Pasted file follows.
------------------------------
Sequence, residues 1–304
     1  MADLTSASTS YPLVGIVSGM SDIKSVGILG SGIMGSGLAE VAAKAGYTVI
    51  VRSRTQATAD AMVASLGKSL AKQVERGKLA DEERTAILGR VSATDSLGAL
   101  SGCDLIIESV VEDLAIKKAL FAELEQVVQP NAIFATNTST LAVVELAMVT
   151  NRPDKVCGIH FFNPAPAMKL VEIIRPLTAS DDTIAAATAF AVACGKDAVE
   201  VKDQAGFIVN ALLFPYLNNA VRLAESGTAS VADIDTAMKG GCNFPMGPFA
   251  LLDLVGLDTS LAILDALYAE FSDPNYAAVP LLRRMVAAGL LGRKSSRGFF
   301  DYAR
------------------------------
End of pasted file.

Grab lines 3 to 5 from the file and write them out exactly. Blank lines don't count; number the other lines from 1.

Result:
    51  VRSRTQATAD AMVASLGKSL AKQVERGKLA DEERTAILGR VSATDSLGAL
   101  SGCDLIIESV VEDLAIKKAL FAELEQVVQP NAIFATNTST LAVVELAMVT
   151  NRPDKVCGIH FFNPAPAMKL VEIIRPLTAS DDTIAAATAF AVACGKDAVE